• Anal tube is a tube that goes exactly where it says it goes and helps you go to the bathroom. It supposed to be used for shortterm purposes, but my sister has been using it for at least over a year now. When my sister first got sick I was a nurse aide and then just started nursing school and didn’t know anything, but I always tried to make sure she took her health seriously since it’s something she tends to ignore. I mean she had bloody stools for over a month I believe before she finally went to the doctors. Her surgeon that did her second J-pouch surgery is supposed be one of the best in the world. He was the Cleveland Clinic, but he left and went to NY maybe. From my impression he seemed very skillful, but very arrogant and not respectful. I always say there’s good doctors who are skillful, but excellent doctors are both skillful and respectful. The ones you can trust. I don’t know how my sister felt about him, but I didn’t get a sense of trust from him. Now I just try to encourage my sister to at least manage her health and make sure she’s taking care of herself. She’s very stubborn so I know she won’t go back to an ileostomy unless she absolutely has to and I wish she didn’t have feel that way. I’m just happy that she’s no longer in pain and has mostly good days where she’s not fatigued. And I hope that medical advances keep happening and that better solutions and treatments will be available. That’s always the thing I keep in my mind whenever I’m feeling down about anything I’m going through is that I know research is being done and that gives me hope.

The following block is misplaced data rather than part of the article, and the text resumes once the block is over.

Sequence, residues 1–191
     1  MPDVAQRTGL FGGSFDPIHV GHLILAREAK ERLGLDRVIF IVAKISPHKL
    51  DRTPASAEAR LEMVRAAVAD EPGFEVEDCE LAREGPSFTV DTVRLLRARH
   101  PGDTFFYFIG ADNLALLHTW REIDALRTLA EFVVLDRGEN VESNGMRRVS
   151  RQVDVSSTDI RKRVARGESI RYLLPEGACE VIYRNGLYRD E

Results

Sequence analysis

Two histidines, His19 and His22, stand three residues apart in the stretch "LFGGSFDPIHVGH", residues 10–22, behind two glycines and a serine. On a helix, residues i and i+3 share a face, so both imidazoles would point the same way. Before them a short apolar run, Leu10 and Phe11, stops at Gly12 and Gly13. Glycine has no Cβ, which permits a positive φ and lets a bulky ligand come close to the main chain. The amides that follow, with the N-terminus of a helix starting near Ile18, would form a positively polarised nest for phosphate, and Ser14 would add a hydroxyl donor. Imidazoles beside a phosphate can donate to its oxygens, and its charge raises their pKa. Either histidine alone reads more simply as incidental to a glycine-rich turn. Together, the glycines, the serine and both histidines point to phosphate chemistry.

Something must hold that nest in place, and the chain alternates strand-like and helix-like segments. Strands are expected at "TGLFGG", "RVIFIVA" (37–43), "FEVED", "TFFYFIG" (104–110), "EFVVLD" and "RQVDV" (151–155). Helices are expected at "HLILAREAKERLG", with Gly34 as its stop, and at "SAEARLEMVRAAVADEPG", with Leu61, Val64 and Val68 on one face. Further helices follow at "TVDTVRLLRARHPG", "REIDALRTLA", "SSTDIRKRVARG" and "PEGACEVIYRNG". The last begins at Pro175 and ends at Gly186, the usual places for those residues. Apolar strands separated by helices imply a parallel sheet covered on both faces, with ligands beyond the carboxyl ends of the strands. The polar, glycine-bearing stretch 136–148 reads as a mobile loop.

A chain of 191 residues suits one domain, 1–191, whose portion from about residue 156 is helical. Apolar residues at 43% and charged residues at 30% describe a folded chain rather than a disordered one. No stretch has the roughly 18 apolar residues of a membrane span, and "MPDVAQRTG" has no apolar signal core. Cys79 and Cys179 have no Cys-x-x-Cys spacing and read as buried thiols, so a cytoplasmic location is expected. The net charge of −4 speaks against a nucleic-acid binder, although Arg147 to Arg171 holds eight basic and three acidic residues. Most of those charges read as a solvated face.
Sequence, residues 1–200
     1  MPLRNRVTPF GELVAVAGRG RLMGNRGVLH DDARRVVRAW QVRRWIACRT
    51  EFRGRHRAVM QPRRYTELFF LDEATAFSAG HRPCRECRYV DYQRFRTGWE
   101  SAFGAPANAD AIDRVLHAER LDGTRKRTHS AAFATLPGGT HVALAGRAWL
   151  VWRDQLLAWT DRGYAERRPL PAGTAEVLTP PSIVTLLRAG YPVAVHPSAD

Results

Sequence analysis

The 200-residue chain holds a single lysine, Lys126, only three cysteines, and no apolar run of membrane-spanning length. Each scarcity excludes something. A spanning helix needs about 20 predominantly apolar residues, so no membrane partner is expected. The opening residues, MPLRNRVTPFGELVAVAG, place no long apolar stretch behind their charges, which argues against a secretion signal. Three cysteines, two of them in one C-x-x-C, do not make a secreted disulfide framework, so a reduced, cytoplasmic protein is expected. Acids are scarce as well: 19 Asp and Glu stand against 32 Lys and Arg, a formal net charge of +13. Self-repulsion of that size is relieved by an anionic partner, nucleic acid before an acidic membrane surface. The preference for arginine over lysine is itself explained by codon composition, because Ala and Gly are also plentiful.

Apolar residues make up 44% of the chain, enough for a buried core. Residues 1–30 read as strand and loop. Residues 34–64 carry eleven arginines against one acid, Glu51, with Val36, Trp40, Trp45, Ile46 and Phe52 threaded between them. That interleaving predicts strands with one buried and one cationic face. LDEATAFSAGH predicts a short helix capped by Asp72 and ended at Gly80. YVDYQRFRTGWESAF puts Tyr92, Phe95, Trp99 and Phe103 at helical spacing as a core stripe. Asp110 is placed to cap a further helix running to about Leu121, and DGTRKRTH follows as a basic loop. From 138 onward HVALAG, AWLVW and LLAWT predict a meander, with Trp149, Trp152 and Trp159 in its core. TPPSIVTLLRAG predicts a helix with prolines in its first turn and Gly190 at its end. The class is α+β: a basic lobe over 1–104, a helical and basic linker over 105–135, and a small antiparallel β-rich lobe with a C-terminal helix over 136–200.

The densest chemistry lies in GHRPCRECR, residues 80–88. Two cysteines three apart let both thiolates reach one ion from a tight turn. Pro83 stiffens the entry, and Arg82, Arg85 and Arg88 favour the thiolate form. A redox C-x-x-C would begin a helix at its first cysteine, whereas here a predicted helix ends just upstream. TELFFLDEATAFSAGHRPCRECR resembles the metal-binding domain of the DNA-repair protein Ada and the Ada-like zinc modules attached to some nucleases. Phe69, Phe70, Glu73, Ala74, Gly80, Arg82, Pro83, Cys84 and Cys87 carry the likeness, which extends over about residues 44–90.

4. I hope your colon heals and goes into remission too! So glad you have a plan now but hopefully you won’t need surgery. Sending you prayers hon. ❤

  5. I hope your colon chooses life too. So hoping that weaning off the prednisone goes well, I know it above tricky. Just want you to live a happy, healthier life without the chronic pain and worries. Maybe it won’t go away, but I just want it to be better and manageable for you!! Xxx.

  6. I hope it’s validating to you to see your doctor agreeing that things have been really bad and something needs to be done fast. I’m glad you have a plan! I really hope your colon chooses life too. xo

  7. I hope your colon chooses life also! Sometimes I feel like half the struggle is getting a doctor who is on the same page you are. Sounds like you are on a good track finally. Take care of you and keep the hope 🙂

  8. I had a temporary ileostomy as I have stage 4 bowel cancer and my tumour was blocking my large bowel, bur they needed to get my liver under control before I could have the tumour removed. It really wasn’t terrible – I didn’t like it but I took a similar view as you – whatever is necessary for health and life. And I have so much sympathy for you – parenting with a chronic illness is really hard. My little girl is22 months.

      • Thank you. I’ve been a long time lurker on your blog – we were having fertility treatment at the same time as you. My heart has just gone out to you reading your past few blog posts. I can all too well imagine the pain, fear and stress. I’ve been a good chemotherapy responder and at the moment I’m quite well – sick for three post chemo, seedy for one and then generally okay until I starts again in ten days. I’m so hoping for your remission. Illness sucks! Xxx